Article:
This is one of a series of articles. If you are interested in other articles in this series, they are as follows:
Parts 3, 4 and 5 of this “Living with 4K” series covered the various naming conventions and standards regarding 4K and Ultra-HDTV. Part 5 summarized the subject with CEA’s naming the new 3860x2160 displays as Ultra-HD. However, Sony responded by insisting in using also the 4K designation for their future products. Some say: why? I say: no wonder why.
I see no problem in Sony continuing the use of the 4K nomenclature for a true 4K product that came first to market as part of a long effort and dedication of manufacturing quality 4K products since 2005 for professionals and now for consumers, including content, cameras, production equipment, and displays, a coverage from image acquisition to display that no one else was able to match.
If there is a risk of some naming confusion it has been actually brought by the CEA when creating the “Ultra HD” (UHD) name for 3840x2160 panels, a name that is so similar to the broad “Ultra HDTV (UHDTV)” naming convention that was already in place to engulf 2160p (loosely called 4K) and 4320p (loosely called 8k) video formats.
I understand why the CEA may have needed a more user/marketing friendly naming convention for the new higher resolution displays, a name better than the already established “U-HD1”, or “lower level U-HDTV”, or “level one of U-HDTV” or “so-called 4K”, etc.
Those displays are more in tune with the existent HDTV 16:9 aspect ratio and allow for a cleaner upscaling considering that a 1920x1080 HDTV image is evenly doubled by upscaling it horizontally and vertically to 3840x2160, and a 1280x720p HDTV image is evenly tripled to its 3840x2160 upscaled version.
However, as mentioned in parts 1 and 3, the Sony 4K projector, a true 4K display device, does not unevenly upscale the 1920 horizontal pixels of a 16:9 HD image to the 4096 horizontal pixels of its 4K 17:9 chip, but rather uses the center pixels of the chip to display the 3840x2160 image with pillars of 128 unused pixels on each side.
In other words, Sony’s 4K projector is actually a 4K product that deserves the 4K name, not just the U-HD name, and also implements the best scenario for cleanly upscaling 16:9 legacy HDTV content, and to accept and display a U-HD source and even a 4K DCI 17:9 content, when available to consumers from the many 4K theatrical releases.
Some criticized Sony for adding the 4K term to the U-HD term created by the CEA, but quite frankly, why should Sony refrain from using the 4K naming for their true 4K product/s introduced years before anyone else in the market, and truly comply with the 4K standard, in addition to be capable of handling the 3840x2160 UHD1 format of Ultra HDTV?
My view also applies to any other manufacturer of true 4K products that desire to continue using 4K nomenclature for equipment that is actually 4K DCI capable, regardless how they may also comply with the Ultra-HDTV standard.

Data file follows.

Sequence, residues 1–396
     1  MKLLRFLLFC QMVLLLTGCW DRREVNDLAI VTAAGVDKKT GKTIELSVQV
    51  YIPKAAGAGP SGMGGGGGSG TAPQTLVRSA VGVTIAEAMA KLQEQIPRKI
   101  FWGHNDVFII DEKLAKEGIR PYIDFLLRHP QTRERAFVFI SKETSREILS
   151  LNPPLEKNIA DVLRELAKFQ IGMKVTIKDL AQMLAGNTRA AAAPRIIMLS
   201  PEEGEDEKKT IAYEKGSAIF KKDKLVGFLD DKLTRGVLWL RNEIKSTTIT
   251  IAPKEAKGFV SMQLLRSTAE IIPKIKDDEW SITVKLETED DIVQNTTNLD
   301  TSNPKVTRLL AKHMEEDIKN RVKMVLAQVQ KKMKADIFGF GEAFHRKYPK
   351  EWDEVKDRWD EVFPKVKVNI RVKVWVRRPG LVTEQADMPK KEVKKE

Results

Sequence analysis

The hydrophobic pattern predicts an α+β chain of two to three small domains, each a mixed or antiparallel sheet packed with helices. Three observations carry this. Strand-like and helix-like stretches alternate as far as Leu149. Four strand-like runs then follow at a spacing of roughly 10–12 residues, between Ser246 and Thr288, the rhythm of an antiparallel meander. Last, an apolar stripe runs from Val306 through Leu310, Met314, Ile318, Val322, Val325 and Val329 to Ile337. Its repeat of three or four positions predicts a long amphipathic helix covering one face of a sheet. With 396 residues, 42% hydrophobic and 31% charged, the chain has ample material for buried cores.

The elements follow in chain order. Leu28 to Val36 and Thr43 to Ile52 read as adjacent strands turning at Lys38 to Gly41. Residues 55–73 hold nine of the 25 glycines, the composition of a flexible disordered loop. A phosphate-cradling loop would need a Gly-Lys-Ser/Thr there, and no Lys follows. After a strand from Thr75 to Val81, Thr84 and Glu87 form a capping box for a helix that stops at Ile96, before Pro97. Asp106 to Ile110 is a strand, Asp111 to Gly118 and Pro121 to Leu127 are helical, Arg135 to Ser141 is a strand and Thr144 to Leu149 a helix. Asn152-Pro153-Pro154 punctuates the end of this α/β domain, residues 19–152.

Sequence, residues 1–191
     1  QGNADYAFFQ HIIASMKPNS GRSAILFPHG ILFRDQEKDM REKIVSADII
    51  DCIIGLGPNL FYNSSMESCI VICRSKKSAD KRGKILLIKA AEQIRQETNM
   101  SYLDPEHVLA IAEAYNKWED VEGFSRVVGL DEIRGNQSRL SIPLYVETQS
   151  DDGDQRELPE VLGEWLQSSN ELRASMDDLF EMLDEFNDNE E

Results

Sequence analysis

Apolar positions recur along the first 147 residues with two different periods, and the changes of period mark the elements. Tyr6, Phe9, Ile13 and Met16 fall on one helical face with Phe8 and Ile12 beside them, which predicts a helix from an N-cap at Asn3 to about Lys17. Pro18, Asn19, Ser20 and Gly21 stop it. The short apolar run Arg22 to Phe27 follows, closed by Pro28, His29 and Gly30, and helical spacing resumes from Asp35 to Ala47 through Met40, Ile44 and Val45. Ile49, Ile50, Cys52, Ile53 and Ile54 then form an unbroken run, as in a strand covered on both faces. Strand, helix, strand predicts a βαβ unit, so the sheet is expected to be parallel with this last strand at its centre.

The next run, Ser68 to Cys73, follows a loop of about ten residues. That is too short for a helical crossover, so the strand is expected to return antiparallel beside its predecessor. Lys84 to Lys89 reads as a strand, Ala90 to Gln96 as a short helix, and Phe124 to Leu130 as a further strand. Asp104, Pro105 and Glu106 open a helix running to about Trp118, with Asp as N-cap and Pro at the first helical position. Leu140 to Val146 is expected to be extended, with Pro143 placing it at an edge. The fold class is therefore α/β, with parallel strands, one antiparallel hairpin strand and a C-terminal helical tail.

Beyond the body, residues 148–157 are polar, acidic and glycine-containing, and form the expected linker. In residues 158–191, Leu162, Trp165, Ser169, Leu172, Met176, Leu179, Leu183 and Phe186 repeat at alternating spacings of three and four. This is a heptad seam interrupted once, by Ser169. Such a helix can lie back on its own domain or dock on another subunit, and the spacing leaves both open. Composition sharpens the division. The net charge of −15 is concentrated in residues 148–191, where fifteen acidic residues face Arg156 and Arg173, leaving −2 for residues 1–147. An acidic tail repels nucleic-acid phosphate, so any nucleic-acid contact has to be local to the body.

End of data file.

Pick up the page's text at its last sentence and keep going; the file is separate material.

To Sony’s credit, the company showed the effort to compete in the U-HD 16:9 panel market and also to share the 3D passive displays marketplace for their first time, like Panasonic did this year as well (all Sony’s other 3DTVs and 3D projectors are active shutter based, including their new 4K projector). These appear to be logical company decisions that are made to survive and compete in the very difficult TV market of the past few years.
Stay tuned to more articles of this “Living with 4K” series
Posted by Rodolfo La Maestra, December 27, 2012 7:39 AM
About Rodolfo La Maestra
Rodolfo La Maestra is the Senior Technical Director of UHDTV Magazine and HDTV Magazine and participated in the HDTV vision since the late 1980's. In the late 1990's, he began tracking and reviewing HDTV consumer equipment, and authored the annual HDTV Technology Review report, tutorials, and educative articles for HDTV Magazine, DVDetc and HDTVetc magazines, Veritas et Visus Newsletter, Display Search, and served as technical consultant/editor for the "Reference Guide" and the "HDTV Glossary of Terms" for HDTVetc and HDTV Magazines. In 2004, he began recording a weekly HDTV technology program for MD Cable television, which by 2006 reached the rating of second most viewed.
Rodolfo's background encompasses Electronic Engineering, Computer Science, and Audio and Video Electronics, with over 4,700 hours of professional training, a BS in Computer and Information Systems, and thirty+ professional and post-graduate certifications, some from MIT, American, and George Washington Universities. Rodolfo was also Computer Science professor in five institutions between 1966-1973 in Argentina, regarding IBM, Burroughs, and Honeywell mainframe computers. After 38 years of computer systems career, Rodolfo retired in 2003 as Chief of Systems Development from the Inter-American Development Bank directing sixty+ software-development computer professionals, supporting member countries in north/central/south America.